If your regular veterinarian is unavailable, you should contact the local emergency veterinary clinic or the pet poison hotline. These experts will guide you through everything you need to accomplish step by step.
When you take your dog to the veterinarian for a possible chocolate overdose, you must have the package with you or snap a photo of it to show the veterinarian. The treatment will often change based on how long the chocolate has been in the dog’s system.
You can do several things to make your house safer for your dog and protect him from the poisonous effects of chocolate.
If you have any form of chocolate in your house, you should always be careful about how you store it and how probable your pet will attempt to get into it. Chocolate may be toxic to animals. Whether you keep brownies, cookies, bars of milk chocolate, or cocoa powder in your kitchen and pantry, you must always store these items in a safe location that is out of your pet’s reach so that they do not become a hazard.
Keep the doors of the cupboards and pantries closed as much as possible, and never leave chocolate goodies or wrappers lying about.
You must teach your dog or cat the “leave it” command to keep them from grabbing things they shouldn’t, whether those objects are edible. When your dog is young, teaching them proper manners and obedience is more accessible, saving you a lot of hassle in the future.
It’s good knowledge that children will give their pocket money to their pets. Instruct them not to offer your dog any chocolate or other treats, and ingrain in them the habit of putting things away in the appropriate compartments or spaces.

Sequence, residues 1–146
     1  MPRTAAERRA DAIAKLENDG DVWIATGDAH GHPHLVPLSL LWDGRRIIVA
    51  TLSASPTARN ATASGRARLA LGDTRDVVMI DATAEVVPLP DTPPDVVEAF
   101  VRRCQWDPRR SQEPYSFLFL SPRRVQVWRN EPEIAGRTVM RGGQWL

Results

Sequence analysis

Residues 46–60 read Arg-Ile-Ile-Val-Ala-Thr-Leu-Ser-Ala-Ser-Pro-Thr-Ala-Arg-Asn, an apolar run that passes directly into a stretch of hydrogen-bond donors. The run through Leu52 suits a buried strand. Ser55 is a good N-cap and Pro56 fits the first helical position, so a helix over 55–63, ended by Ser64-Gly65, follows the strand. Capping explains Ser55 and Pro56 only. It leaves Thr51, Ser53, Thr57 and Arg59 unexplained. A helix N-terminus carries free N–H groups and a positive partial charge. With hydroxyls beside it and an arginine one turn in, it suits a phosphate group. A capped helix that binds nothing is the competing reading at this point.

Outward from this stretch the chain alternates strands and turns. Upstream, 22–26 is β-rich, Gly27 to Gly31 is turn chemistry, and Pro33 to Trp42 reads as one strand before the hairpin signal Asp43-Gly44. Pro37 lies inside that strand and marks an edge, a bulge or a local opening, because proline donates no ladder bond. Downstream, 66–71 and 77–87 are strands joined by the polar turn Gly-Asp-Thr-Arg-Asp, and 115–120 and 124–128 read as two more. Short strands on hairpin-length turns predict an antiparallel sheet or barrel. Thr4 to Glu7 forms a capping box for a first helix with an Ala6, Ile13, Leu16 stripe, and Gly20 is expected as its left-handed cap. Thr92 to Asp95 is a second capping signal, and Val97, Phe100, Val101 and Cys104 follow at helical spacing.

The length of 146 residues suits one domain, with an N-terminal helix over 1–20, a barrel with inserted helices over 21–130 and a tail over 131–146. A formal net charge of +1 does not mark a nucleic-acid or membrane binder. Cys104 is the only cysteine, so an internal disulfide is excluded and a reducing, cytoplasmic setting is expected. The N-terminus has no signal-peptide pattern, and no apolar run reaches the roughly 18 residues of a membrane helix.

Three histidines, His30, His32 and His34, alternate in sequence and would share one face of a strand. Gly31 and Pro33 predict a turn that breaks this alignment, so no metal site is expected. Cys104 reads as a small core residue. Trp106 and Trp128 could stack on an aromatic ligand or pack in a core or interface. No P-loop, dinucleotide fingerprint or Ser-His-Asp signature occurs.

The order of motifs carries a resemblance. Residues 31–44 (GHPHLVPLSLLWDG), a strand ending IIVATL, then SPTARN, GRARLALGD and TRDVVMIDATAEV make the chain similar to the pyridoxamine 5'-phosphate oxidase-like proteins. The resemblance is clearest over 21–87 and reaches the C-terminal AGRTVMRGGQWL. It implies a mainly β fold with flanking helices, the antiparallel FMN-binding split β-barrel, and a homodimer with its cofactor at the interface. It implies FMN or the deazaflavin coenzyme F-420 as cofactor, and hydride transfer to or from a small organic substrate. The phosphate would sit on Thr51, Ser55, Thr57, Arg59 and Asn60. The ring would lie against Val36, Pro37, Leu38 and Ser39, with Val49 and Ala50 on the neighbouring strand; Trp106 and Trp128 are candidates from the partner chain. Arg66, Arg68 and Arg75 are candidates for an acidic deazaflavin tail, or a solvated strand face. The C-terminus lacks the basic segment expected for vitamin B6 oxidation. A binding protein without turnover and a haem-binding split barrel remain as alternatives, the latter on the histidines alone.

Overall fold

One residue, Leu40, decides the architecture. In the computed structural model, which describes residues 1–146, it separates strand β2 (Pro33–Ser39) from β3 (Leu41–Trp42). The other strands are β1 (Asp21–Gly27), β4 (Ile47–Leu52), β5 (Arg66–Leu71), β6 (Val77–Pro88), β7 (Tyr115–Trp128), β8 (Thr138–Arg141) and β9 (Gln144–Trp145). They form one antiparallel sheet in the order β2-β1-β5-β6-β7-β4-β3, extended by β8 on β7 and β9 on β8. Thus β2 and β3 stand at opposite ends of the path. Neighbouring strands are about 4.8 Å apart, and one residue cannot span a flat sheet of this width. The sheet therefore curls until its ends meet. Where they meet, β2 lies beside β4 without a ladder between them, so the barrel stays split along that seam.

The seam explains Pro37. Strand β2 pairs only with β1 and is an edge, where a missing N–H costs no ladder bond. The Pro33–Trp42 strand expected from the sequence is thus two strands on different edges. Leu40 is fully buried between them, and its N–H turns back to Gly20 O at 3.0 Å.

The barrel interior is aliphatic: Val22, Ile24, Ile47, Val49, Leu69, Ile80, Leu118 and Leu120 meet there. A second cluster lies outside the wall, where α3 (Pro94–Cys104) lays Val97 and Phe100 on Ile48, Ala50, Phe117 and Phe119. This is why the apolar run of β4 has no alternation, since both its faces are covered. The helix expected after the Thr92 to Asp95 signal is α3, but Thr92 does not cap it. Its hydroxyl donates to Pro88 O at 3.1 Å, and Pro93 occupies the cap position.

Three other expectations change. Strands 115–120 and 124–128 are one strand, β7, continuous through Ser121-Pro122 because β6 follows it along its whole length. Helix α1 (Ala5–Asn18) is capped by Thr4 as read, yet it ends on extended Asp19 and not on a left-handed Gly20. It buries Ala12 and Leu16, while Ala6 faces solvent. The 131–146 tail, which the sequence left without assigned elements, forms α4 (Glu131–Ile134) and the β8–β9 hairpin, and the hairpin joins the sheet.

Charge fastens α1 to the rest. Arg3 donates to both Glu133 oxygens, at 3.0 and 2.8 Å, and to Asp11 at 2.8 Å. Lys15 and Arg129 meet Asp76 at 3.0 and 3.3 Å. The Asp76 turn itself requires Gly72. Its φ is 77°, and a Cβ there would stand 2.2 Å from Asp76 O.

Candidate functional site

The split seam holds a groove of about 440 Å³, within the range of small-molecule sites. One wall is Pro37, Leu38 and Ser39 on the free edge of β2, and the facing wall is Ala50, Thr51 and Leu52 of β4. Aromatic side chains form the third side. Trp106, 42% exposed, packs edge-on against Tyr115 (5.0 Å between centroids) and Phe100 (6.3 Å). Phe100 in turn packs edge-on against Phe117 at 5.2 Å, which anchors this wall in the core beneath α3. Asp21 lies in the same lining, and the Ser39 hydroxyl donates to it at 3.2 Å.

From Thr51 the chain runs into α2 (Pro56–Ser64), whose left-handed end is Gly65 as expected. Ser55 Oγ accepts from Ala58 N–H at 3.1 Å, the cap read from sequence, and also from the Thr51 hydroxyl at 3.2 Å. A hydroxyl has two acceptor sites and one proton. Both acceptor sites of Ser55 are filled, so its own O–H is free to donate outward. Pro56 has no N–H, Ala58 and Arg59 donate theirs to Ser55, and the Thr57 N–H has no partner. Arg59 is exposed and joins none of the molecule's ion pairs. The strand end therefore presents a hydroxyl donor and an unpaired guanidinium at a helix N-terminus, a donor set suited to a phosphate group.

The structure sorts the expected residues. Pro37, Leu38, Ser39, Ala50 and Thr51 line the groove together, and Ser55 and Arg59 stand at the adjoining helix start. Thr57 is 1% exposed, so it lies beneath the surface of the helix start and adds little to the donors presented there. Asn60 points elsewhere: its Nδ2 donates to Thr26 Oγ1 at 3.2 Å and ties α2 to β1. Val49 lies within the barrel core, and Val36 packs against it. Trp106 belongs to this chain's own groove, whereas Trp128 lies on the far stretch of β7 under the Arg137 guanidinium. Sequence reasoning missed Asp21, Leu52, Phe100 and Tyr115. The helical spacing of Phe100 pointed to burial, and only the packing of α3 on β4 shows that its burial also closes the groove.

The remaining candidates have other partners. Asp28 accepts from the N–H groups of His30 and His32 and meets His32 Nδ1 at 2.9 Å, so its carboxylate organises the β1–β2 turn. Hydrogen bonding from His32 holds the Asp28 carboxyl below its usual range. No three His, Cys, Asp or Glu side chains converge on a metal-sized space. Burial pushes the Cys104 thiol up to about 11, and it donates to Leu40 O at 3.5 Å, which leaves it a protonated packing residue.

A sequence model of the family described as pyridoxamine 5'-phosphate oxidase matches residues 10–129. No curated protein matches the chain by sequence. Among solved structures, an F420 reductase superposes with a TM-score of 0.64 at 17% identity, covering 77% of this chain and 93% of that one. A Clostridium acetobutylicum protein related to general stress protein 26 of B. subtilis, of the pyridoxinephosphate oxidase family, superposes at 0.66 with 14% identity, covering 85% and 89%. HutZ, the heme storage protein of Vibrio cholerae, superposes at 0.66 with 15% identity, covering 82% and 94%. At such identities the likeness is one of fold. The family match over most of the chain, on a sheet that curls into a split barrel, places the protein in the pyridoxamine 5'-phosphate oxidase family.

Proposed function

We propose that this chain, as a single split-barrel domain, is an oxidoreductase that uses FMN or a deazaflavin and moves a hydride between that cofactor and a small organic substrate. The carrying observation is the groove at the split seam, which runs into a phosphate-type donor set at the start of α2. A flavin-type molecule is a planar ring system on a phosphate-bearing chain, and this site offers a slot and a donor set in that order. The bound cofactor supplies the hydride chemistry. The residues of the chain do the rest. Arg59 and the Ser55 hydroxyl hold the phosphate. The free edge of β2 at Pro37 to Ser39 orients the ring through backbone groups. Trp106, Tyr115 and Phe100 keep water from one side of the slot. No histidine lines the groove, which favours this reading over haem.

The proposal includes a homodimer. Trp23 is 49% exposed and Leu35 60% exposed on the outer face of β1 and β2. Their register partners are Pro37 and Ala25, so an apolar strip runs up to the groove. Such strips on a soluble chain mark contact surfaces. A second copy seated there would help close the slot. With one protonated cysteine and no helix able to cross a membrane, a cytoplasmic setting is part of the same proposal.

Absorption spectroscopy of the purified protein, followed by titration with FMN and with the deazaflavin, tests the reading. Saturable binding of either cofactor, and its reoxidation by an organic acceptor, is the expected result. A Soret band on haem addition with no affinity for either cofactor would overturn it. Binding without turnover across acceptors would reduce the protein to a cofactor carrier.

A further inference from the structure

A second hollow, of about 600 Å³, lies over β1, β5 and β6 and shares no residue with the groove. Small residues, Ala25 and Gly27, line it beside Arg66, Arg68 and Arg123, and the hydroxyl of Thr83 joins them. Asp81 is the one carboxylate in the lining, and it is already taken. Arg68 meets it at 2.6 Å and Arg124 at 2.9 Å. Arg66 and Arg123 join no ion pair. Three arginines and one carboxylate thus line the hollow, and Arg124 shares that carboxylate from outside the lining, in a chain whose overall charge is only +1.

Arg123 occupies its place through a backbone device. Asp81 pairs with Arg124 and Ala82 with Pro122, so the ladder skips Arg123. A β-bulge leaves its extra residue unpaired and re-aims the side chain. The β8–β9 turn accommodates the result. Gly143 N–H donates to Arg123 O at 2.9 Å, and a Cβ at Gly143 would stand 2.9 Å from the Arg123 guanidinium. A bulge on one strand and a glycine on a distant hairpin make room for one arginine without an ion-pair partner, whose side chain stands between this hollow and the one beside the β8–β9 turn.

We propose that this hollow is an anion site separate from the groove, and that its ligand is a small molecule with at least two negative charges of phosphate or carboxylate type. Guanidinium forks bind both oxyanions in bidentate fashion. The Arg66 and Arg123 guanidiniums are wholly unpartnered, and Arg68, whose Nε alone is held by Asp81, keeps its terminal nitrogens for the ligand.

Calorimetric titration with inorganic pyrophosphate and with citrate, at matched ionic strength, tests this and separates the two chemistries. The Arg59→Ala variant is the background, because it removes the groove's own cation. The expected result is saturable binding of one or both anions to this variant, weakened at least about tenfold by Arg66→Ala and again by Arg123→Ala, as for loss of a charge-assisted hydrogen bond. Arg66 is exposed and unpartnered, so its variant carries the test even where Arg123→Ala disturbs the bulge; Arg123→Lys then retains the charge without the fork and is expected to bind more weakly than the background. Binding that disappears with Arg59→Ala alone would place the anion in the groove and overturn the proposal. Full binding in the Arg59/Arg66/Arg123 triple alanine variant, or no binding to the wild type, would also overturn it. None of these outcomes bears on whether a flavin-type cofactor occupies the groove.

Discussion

Be careful to instill in them the habit of securing the doors and drawers of cupboards and the refrigerator as soon as they use them.
Cocoa shell mulch is an uncommon but deadly cause of chocolate poisoning in dogs. Dogs may be enticed by the pleasant scent of the mulch, which is often used as a top cover for gardens. If the dogs consume any of the mulch, it may make them sick.
Chocolate has a wide range of theobromine and caffeine content, depending on the kind of chocolate. The following is a rundown of the many sorts and the risks that they represent to dogs:
Chocolate kinds considered to be pure, such as dark chocolate and baker’s chocolate, have more significant quantities of these compounds. As a result, these chocolate varieties are considered more hazardous for dogs than other forms of chocolate. These chocolates are often used in baking and cooking, so pet owners should exercise more care when dealing with dark chocolate.
Even while milk chocolate has lower levels of theobromine and caffeine per ounce, it is still capable of causing severe sickness if sufficient amounts are consumed. To avoid the dog eating any candy, keep milk chocolate treats out of their reach.
White chocolate is not nearly as hazardous as other types of chocolate since it contains almost no theobromine or caffeine and is far less processed.
Milk and white chocolate have lower quantities of theobromine and caffeine than dark chocolate, but they have much greater sugar and fat levels. These components, although not necessarily harmful on their own, have the potential to irritate the gastrointestinal tract and bring off severe disorders such as pancreatitis.
In conclusion, chocolate is toxic to dogs and can be dangerous if ingested. Theobromine, a compound found in chocolate, can cause symptoms such as vomiting, diarrhea, increased thirst, rapid heartbeat, and even death in severe cases. We explained in detail what does chocolate to do dogs in this post.
It is important to keep chocolate out of dogs’ reach and seek veterinary attention if a dog is suspected of consuming chocolate. Owners should also be aware of other foods toxic to dogs, such as grapes, raisins, and nuts. Overall, it is essential to be mindful of the potential dangers to dogs and take necessary precautions to keep them safe.